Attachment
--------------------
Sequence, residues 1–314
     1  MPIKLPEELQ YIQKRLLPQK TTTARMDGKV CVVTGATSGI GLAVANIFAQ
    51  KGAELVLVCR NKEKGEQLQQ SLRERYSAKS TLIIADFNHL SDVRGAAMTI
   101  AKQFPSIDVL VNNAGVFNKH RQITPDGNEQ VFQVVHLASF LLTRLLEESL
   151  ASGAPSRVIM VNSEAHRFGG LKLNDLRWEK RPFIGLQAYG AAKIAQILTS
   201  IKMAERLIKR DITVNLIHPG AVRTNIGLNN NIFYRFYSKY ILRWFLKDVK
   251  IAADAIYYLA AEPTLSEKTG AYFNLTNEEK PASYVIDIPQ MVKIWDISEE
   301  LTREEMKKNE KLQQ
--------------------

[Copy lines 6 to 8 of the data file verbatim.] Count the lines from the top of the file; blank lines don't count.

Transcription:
   201  IKMAERLIKR DITVNLIHPG AVRTNIGLNN NIFYRFYSKY ILRWFLKDVK
   251  IAADAIYYLA AEPTLSEKTG AYFNLTNEEK PASYVIDIPQ MVKIWDISEE
   301  LTREEMKKNE KLQQ